The time to "kanakize" the nickel in New Caledonia
My research in New Caledonia gives a new look on the indigenous mining nickel policy, underlining the intertwine between colonial memory and independence hope. The economic time and the sacred one shape the ideology, that is at the base of the mining industry.
In New Caledonia, a overseas french collectivity, nickel is the principal economic resource, to the point that the country is among the six worldwide exporters.
The mine is often seen as a synonym of destruction of the natural heritage and the advance of the capitalism. With this ethnography I analyze instead the economic strategy of a part of the native kanak community, who wants to re-appropriate the nickel. I call it "kanakization" (Marshall Sahlins).
In 2013 the nickel industry "Koniambo" was inaugurated, 51% of which belongs to an indigenous mining society. This was the result of a long process of re-signification of nickel by independence leaders from symbol of the colonial exploitation to emblem of the emancipation of the kanak community. "Koniambo" becomes a very strong political and identity project: there is no political independence without economic autonomy from France.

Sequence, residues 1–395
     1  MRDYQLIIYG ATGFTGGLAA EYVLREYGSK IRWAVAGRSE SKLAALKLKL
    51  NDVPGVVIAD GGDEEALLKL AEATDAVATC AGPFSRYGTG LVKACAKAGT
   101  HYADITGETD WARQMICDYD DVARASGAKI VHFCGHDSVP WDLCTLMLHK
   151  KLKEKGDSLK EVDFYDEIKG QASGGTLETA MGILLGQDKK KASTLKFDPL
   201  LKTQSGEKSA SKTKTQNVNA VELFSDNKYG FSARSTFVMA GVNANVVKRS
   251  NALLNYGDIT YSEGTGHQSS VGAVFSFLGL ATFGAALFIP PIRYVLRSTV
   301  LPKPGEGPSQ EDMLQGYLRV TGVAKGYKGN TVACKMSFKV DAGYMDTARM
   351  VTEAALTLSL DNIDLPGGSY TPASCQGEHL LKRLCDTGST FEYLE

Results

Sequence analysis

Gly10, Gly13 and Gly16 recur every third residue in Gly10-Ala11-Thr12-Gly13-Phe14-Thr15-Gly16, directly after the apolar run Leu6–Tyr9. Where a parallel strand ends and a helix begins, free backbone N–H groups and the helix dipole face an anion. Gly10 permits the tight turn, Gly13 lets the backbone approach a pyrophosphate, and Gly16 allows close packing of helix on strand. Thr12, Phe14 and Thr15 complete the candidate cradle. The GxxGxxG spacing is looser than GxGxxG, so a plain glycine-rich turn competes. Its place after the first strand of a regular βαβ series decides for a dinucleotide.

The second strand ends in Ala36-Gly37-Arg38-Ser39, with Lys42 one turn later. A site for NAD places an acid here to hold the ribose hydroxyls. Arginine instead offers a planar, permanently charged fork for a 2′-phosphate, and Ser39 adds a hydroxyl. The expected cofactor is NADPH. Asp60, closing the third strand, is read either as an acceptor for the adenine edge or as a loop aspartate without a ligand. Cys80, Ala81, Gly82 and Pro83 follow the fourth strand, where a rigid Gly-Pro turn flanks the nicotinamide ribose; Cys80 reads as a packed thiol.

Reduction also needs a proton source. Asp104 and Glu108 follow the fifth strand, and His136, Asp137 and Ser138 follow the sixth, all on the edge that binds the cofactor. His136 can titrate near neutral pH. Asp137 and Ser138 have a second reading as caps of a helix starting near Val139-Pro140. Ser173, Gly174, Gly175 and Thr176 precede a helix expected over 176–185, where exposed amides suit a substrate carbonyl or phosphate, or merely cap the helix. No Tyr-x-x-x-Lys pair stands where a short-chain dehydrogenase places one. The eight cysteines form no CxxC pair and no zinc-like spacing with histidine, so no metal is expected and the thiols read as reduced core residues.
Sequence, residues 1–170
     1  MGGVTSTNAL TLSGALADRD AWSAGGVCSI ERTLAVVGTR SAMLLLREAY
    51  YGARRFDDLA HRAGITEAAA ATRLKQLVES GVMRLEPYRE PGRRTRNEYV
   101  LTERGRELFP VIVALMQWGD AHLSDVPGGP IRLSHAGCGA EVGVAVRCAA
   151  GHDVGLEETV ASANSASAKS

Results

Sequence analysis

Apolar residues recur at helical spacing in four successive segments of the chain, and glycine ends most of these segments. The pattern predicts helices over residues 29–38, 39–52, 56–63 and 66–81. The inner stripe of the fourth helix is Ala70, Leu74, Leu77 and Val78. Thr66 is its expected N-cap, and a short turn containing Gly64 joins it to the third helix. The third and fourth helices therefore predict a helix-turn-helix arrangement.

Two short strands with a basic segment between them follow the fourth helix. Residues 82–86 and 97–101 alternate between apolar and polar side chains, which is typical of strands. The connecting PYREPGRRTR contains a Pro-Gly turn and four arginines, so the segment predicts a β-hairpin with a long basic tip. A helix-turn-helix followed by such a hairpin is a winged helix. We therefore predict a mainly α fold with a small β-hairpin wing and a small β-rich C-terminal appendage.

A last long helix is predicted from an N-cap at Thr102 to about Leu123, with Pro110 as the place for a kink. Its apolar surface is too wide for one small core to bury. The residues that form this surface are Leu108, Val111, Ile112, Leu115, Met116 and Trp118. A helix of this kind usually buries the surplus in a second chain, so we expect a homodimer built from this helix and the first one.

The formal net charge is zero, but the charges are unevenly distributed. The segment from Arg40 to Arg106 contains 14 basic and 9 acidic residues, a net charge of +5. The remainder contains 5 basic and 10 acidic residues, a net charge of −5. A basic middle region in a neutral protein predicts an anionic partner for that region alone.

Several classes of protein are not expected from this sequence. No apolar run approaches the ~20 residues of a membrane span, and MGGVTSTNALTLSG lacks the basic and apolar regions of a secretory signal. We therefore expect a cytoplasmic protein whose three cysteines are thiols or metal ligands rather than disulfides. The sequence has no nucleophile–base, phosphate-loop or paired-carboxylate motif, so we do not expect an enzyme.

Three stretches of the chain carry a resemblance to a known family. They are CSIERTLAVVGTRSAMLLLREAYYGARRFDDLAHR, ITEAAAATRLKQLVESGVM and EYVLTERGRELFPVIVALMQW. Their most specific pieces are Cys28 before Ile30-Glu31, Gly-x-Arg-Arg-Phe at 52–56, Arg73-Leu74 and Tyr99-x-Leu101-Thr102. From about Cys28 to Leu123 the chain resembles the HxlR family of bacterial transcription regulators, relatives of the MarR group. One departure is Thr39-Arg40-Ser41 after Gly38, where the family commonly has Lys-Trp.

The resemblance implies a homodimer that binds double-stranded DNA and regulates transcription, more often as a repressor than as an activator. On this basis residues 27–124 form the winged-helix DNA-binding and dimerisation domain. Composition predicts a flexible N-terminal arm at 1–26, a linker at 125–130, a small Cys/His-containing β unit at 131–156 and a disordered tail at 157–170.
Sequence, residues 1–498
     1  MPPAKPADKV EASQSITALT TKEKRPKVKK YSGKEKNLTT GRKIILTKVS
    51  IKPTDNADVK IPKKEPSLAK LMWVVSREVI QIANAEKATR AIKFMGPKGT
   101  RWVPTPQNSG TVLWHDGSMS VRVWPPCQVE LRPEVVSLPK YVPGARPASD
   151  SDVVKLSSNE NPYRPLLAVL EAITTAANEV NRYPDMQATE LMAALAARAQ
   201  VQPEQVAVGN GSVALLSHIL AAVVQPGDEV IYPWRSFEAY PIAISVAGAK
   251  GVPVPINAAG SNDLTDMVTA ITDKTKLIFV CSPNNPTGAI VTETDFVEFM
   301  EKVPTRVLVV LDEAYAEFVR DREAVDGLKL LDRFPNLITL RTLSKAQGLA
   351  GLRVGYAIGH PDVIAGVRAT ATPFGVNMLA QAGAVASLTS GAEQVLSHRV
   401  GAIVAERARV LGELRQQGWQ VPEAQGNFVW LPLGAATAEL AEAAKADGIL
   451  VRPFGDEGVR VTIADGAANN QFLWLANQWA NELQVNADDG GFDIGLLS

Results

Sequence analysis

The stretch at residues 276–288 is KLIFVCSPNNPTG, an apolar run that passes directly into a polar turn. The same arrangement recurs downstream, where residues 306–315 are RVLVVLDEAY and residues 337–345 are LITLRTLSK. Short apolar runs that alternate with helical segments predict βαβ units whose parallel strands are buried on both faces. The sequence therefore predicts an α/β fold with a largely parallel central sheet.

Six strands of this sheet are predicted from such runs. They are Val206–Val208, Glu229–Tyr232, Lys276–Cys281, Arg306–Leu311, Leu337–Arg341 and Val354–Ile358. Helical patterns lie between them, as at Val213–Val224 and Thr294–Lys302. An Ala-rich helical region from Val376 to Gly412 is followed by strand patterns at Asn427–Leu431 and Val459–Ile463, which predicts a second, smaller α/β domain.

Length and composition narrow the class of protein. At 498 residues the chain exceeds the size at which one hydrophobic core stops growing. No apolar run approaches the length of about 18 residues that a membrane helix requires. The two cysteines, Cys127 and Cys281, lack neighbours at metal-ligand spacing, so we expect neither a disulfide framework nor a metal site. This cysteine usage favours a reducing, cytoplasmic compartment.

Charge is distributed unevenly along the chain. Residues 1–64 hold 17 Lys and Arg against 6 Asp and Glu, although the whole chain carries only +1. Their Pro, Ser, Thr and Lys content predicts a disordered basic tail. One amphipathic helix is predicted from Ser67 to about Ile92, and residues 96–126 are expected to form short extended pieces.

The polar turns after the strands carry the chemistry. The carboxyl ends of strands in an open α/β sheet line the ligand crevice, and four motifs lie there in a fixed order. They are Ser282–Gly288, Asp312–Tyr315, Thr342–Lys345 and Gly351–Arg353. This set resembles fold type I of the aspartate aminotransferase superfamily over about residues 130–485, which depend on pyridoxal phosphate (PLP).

Today the market oscillations and the approach of the referendum for independence (2018) quicken this process. They lead some mining contractors to ask to increase the production rhythm and the export level. In this scenario there is a independence kanak party, that wants to follow the economic rhythm and another one, that wants to slow down the economic time, fixed by profitability, to incorporate it with the ritual and sacred cycles of the tribe.
My aim is to show another way of seeing the mining resource as a product of a repositioning of the kanak community in the colonial past, in the present capitalism and in the future independence.
Imagining booms and busts: conflicting temporalities of extraction in Mozambique